Glucocorticoids Preserve Late-Stage Functional Abilities in DMD After Loss of Ambulation, Study Finds


A recent study suggests treatment with glucocorticoids after loss of ambulation can preserve late-stage functional abilities, respiratory function, and cardiac function in patients with Duchenne muscular dystrophy (DMD).

Treatment with glucocorticoids after loss of ambulation (LOA) in patients with Duchenne muscular dystrophy (DMD) can preserve late-stage functional abilities, respiratory function, and cardiac function, according to a study published in the European Journal of Neurology.1

DMD is a genetic condition that leads to progressive muscle atrophy and weakness in affected patients, with disease onset typically occurring in early childhood.2 New standards of care in recent decades, including ventilatory support, glucocorticoid treatment, proactive cardiac intervention, and multidisciplinary care, have increased life expectancy for patients with DMD from 19 years in the 1960s to 24-28 years currently, the study authors explained.1

These standards of care include glucocorticoid treatment during non-ambulatory stages and specify that older patients who are naive to glucocorticoids may still benefit from them. However, glucocorticoid use decreases following LOA and the optimal regimen in adults is not yet known.

Most individuals with DMD transition to adult care between ages 14-18, with the expectation being that the multidisciplinary and supporting treatments started at diagnosis will extend into adulthood.

Doctors planning DMD treatment | Image credit: OlegKachura -

Doctors planning DMD treatment | Image credit: OlegKachura -

“Informing adult services about specific clinical features of this group is essential for planning and delivery of appropriate care, impacting quality of life and survival,” the study authors wrote. “In our neuromuscular center, transition is within the same team; however, there are dedicated transition clinics for some specialties, such as respiratory clinics.”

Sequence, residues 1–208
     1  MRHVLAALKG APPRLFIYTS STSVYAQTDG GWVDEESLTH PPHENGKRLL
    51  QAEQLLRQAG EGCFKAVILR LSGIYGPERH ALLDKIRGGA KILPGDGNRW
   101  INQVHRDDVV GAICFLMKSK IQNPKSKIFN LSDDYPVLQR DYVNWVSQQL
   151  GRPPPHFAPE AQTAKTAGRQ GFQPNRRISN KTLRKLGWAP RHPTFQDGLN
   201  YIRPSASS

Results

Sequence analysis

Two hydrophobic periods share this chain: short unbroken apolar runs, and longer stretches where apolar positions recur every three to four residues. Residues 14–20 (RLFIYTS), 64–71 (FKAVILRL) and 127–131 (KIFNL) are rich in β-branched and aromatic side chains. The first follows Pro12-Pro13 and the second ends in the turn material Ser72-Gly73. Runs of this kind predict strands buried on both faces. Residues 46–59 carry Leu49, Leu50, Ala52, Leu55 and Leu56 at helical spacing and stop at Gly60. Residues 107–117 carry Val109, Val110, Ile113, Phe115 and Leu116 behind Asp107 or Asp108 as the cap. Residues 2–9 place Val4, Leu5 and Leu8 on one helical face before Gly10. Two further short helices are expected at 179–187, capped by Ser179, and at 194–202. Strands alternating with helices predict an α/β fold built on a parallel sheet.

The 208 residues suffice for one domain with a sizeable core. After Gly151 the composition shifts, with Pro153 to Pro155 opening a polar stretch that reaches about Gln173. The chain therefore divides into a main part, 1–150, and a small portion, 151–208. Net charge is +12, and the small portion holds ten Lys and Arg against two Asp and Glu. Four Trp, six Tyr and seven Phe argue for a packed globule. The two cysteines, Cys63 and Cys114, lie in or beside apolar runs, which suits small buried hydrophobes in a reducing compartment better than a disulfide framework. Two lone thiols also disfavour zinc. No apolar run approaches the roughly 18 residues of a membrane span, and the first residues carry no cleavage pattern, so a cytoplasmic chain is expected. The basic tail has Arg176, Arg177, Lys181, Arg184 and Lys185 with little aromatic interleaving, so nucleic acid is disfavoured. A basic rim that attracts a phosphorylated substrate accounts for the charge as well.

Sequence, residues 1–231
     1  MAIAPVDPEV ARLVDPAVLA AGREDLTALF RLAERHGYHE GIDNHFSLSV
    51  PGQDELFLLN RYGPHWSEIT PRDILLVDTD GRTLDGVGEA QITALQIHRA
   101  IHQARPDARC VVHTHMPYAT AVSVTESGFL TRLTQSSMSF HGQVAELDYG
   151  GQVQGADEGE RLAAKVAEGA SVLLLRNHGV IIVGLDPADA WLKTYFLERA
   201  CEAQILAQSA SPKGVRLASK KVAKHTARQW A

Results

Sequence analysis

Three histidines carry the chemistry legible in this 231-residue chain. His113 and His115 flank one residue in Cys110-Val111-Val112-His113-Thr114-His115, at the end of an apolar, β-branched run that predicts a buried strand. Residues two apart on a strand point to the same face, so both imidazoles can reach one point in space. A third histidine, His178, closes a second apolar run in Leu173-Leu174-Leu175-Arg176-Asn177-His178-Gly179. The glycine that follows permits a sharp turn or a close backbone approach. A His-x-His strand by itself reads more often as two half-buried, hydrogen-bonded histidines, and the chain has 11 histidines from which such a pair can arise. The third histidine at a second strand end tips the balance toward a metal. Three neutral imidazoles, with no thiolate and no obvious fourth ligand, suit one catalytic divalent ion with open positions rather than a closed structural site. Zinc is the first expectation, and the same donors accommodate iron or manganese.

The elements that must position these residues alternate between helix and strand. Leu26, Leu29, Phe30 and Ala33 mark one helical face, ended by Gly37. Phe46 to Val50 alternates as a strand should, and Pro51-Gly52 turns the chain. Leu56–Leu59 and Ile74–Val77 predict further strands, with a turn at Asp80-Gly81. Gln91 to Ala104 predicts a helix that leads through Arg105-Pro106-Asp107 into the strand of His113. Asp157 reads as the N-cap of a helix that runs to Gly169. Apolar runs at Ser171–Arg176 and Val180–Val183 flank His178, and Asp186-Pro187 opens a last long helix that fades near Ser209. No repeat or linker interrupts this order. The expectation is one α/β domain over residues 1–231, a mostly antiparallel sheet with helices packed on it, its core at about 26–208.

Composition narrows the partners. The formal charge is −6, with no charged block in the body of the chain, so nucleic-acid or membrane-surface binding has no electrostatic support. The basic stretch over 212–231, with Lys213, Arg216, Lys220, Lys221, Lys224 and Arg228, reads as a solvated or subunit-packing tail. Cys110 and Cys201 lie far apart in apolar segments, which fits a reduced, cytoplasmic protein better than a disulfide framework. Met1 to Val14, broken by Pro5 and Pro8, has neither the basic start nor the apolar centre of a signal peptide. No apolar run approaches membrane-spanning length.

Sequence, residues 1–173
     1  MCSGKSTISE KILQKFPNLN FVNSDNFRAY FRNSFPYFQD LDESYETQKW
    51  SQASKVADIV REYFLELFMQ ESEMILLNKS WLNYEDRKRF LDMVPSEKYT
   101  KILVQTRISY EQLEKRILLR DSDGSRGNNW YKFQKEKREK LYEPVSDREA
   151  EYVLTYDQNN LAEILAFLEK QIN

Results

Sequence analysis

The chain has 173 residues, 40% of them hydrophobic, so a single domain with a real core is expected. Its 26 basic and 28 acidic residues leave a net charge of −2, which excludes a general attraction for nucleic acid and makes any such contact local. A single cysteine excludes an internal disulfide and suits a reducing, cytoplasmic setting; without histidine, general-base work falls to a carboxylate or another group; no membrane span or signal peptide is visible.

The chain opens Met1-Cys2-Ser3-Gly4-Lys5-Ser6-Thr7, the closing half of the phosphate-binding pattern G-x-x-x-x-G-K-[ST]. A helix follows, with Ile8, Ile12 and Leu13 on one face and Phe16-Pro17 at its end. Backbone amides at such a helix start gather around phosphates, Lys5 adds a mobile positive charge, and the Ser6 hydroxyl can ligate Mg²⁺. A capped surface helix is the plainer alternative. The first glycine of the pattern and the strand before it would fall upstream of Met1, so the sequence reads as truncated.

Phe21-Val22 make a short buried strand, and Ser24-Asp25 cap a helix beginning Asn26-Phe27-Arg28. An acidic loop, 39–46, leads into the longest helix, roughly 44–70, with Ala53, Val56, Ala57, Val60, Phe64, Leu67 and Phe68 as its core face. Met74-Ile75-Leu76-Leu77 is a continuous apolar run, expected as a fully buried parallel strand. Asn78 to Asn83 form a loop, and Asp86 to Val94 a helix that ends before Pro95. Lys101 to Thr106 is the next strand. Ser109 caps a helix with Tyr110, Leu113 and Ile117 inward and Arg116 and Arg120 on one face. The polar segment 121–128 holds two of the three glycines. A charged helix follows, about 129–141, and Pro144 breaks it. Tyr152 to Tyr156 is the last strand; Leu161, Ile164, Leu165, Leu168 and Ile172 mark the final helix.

The authors conducted the retrospective study to characterize the functional abilities, respiratory and cardiac status, and treatment of patients with DMD as they transition to adult care and in adult disease stages. The study also assessed the association between treatment with glucocorticoids after LOA and clinical outcomes in late-stage DMD.

A total of 112 patients with DMD were included in the study, with a mean age of 23.4 (± 5.2) years. The study period extended from first genetic diagnosis as early as July 1986 to last individual follow-up as late as July 2022. The authors noted that 86 patients (77%) were born prior to the year 2000 when more consistent standards of care were implemented, including routine glucocorticoid use.

At final assessment, 47.2% of patients were on glucocorticoids, with a mean prednisone dose of 0.38 (± 0.13) mg/kg per day and a mean deflazacort dose of 0.43 (± 0.16) mg/kg per day. Motor function limitations at age 16 years included use of a manual wheelchair (89.7%), standing (87.9%), transferring from a wheelchair (86.2%), and turning in bed (53.4%). Peak cough flow was less than 270 L/min in 77.5% of patients at age 16 years, and 53.3% of patients had a predicted forced vital capacity of 50% or less at 16 years. Additionally, 40.3% had a left ventricular ejection fraction of less than 50%.

Patients treated with glucocorticoids after LOA had a reduced risk and delayed time to onset of functional difficulties, including difficulty balancing in a wheelchair and loss of hand-to-mouth function. They also showed delayed time to a forced vital capacity percentage of predicted less than 30% and forced vital capacity of less than 1 liter, as well as a lower frequency of left ventricular ejection fraction less than 50%. Outcomes were similar with prednisone and deflazacort, and use of glucocorticoids was similar regardless of functional, respiratory, or cardiac status.

While the study was limited by its single-center nature and small sample size, the findings suggest larger studies are warranted to confirm the association between glucocorticoids and preservation of late-stage functional abilities.

“Glucocorticoids after LOA preserve late-stage functional abilities, respiratory and cardiac function,” the authors concluded. “It is suggested using functional abilities, respiratory and cardiac status at transition stages for adult services planning.”


1. Schiava M, Lofra RM, Bourke JP, et al. Functional abilities, respiratory and cardiac function in a large cohort of adults with Duchenne muscular dystrophy treated with glucocorticoids. Eur J Neurol. Published online March 31, 2024. doi:10.1111/ene.16267

2. Duchenne Muscular Dystrophy (DMD). Muscular Dystrophy Association. Accessed April 12, 2024.

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